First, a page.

The Massachusetts Legislature has been deliberating sports betting throughout the legislative year 1999-2020, and pre-COVID, prospects for passage of a bill in 2020 were bright. However, those prospects have dimmed. Economic development bills intended to address the state economy ravaged by COVID-19 are pending before the Massachusetts Senate and House. In July 2020, the House bill passed, including provisions allowing licensed sports wagering. Soon thereafter the Senate passed a similar bill, but that bill did not allow sports betting. Massachusetts Governor Charlie Baker is known to support sports betting, other than betting on college sports events. However, at the time of writing, it appeared unlikely that Massachusetts would pass a sports betting bill in 2020.
Under the House-passed bill, sports betting would be regulated by the MGC. The Commonwealth’s casinos and sole racetrack would be eligible to conduct in-person sports wagering. Licensed casinos would be allowed to operate mobile sports betting, as would certain fantasy sports operators and up to two sports betting operators licensed to operate mobile sports betting in at least two other US states for at least one year. Mobile bets could be accepted only from those at least 21 years of age, physically located within the Commonwealth, and not self-excluded or excluded from play pursuant to the law. Betting on collegiate sports would be allowed, except for wagers dependent on the performance of an individual athlete in a collegiate sport or athletic event. The licence application fee would be USD250,000 for a five-year licence, and five-year renewals would entail a USD100,000 renewal fee. Upon request of a sports league, operators would be required to use official league data to settle proposition and in-play wagers, provided such data was provided on commercially reasonable terms and conditions. Sports wagering operators would be assessed a tax in the amount of 15% of net sports wagering revenue and an additional tax in the amount of 1% of net sports wagering revenue from events occurring at sports venues in the Commonwealth.
As of this writing, there are also a number of bills pending that would authorise the Massachusetts Lottery to offer its games online. Although a hearing was held on one such bill in 2019, neither chamber has voted on any of these bills.
Each type of gaming permitted in Massachusetts has a corresponding regulatory and governance structure. Regulated gaming in Massachusetts includes casinos, poker, gaming machines, horse racing, fantasy sports, lottery games, sweepstakes and charitable gaming.
The MGC has general oversight of casino gaming and pari-mutuel wagering. The MGC oversees the licensing process and making licensing decisions, collects fees and taxes, promulgates regulations for gaming administration, monitors any federal activity regarding internet gaming, acts as trustees for any gaming-related trust funds, proscribes minimum controls and standards for the industry, and makes determinations regarding affected live entertainment venues. The Division of Racing of the MGC regulates horse racing.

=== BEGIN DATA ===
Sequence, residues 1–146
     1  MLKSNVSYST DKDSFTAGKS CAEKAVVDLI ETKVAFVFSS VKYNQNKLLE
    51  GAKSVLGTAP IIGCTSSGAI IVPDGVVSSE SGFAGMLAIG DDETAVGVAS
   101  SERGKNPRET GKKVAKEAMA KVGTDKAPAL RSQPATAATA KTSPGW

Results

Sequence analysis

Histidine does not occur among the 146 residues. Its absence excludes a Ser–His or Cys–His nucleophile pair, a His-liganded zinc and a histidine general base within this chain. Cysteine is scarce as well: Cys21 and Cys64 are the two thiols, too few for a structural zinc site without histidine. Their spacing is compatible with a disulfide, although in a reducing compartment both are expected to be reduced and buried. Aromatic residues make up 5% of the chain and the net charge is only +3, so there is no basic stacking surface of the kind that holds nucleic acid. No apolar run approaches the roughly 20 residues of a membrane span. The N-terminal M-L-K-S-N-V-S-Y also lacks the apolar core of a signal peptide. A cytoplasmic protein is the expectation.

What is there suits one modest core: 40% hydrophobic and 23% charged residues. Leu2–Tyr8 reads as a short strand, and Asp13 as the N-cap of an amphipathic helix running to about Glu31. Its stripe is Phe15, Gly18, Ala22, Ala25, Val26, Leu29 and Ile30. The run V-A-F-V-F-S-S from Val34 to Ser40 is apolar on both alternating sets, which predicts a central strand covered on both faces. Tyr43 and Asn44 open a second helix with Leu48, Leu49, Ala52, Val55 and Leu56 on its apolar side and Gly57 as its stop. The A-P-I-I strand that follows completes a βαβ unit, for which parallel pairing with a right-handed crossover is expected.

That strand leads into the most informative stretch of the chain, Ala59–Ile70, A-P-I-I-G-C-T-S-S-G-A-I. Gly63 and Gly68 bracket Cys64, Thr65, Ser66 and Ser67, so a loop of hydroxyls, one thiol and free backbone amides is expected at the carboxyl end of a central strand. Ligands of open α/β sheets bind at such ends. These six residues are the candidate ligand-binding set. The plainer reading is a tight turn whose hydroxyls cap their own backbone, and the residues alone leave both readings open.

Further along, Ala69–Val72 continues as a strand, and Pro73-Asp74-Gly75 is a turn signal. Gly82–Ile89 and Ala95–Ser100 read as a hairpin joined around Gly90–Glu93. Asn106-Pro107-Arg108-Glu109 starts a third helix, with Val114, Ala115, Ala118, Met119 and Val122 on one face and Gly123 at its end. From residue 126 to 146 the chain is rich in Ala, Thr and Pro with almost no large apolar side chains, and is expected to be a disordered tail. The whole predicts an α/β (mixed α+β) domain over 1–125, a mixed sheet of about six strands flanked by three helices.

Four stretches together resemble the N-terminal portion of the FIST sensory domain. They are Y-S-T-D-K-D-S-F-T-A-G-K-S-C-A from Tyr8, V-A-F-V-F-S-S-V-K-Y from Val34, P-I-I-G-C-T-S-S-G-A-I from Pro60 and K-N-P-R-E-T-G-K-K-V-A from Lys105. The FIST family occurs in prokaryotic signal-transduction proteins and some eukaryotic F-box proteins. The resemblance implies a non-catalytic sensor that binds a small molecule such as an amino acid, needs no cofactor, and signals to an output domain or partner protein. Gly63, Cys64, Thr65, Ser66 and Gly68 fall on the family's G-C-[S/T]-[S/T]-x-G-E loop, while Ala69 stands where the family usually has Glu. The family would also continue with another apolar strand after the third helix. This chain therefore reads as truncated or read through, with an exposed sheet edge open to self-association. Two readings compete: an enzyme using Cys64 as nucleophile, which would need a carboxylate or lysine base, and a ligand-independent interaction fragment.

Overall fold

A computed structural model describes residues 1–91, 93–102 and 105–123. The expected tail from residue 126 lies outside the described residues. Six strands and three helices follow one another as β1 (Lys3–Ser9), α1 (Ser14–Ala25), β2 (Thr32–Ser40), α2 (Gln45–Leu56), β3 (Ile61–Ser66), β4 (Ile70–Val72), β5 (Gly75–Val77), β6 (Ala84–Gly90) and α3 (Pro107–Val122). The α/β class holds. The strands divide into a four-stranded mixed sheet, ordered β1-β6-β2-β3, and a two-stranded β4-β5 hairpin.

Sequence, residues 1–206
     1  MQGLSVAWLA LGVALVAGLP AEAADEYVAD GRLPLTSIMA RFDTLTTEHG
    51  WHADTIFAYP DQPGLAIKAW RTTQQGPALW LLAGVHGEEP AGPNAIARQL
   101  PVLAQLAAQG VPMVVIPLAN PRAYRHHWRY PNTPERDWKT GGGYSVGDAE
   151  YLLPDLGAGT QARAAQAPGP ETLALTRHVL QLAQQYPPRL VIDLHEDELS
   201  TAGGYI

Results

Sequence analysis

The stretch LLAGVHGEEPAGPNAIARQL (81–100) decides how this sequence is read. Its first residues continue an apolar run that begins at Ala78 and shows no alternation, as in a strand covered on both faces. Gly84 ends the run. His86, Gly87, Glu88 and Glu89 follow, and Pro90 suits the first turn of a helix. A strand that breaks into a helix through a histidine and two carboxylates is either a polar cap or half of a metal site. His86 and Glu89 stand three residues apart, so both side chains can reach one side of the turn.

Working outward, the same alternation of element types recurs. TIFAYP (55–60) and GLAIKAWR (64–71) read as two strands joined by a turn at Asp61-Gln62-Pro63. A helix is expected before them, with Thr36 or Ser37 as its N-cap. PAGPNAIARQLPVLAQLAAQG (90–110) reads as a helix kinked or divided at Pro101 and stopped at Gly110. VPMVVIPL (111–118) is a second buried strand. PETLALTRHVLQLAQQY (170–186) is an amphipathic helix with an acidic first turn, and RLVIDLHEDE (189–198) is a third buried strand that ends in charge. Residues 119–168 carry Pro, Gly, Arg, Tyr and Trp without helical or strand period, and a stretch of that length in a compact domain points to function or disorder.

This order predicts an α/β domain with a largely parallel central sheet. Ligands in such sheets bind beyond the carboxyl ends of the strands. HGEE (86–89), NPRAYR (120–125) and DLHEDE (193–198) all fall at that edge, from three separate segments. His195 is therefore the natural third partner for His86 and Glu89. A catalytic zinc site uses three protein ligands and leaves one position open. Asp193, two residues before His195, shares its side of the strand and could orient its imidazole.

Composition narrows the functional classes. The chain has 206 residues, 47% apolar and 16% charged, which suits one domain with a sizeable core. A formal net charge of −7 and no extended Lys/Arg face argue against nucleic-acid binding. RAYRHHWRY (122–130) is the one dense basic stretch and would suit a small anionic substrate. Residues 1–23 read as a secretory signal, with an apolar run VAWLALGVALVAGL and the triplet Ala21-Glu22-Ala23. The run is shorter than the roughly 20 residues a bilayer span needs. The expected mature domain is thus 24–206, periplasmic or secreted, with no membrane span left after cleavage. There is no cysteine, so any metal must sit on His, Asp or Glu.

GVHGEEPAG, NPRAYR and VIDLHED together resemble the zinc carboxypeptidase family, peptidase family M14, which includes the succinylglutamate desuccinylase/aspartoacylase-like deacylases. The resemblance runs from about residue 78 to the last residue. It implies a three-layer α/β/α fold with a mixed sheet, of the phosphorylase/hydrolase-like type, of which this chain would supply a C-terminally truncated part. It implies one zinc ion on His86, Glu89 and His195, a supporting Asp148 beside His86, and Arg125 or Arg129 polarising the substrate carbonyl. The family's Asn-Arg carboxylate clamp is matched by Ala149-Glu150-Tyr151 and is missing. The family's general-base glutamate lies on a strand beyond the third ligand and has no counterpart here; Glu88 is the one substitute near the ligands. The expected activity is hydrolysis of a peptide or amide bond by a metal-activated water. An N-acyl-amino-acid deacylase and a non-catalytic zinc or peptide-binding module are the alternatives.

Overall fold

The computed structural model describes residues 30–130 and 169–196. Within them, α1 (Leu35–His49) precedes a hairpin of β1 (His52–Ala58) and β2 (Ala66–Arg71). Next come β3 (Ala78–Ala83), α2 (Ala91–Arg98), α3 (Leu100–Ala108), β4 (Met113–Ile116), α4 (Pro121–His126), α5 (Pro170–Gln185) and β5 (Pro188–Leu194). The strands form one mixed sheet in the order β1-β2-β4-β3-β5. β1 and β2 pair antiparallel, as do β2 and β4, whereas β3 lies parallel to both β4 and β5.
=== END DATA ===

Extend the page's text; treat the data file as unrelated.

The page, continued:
The Lottery Commission conducts the state lottery and possesses licensing and supervisory authority over ticket sales agents and lottery products. The Charitable Gaming Division of the Lottery Commission regulates and licenses charitable “beano” (bingo) games. However, the Lottery Commission acts strictly as a tax collector for raffles and bazaars. Raffles and bazaars are governed by laws and regulations promulgated by the Attorney General, and are also regulated at the local level by the cities and towns in which they are held.
The Office of the Attorney General governs fantasy sports. The Division of Gaming Enforcement of the Office of the Attorney General enforces criminal violations of casino gambling laws, including investigating and prosecuting allegations of criminal activity involving gaming establishments or games. The Massachusetts State Police Gaming Enforcement Unit investigates violations of other Massachusetts gaming laws.
In Massachusetts, the general regulatory approach is that gambling not expressly authorised is prohibited.
A Category 1 licence permits the licensee to operate a destination resort casino with table games and slot machines. The minimum capital investment for a Category 1 licence is USD500 million on a hotel, gaming area and any amenities. A Category 2 licence permits the licensee to operate up to 1,250 slot machines. The minimum capital investment for a Category 2 licence is USD125 million on a gaming area and other amenities, and must be made within two years of receipt of the licence. Vendors conducting business with, and certain employees of, a licensed casino or slots facility must be licensed or registered by the MGC.
Permits to operate a charitable raffle or bazaar can only be issued by the clerk of the city or town in which the raffle will be drawn or the bazaar will be held, and only qualifying non-profit organisations are eligible to receive such permits.
The Lottery Commission is responsible for issuing licences to conduct bingo. Bingo may only be conducted in a town whose voters have voted to allow bingo.
Besides charitable raffles, only the state lottery is authorised to operate lotteries in Massachusetts. Prior to selling lottery tickets, retailers must file an application with the Lottery Commission to become a licensed agent.
Licences for live horse racing are required in order to hold “racing meetings” at horse race tracks (a “Horse Race Meeting Licence”). Others required to be licensed include horse owners, trainers, drivers, authorised agents, stable employees (eg, groomers or stable foremen), veterinarians, blacksmiths, vendors and racing officials.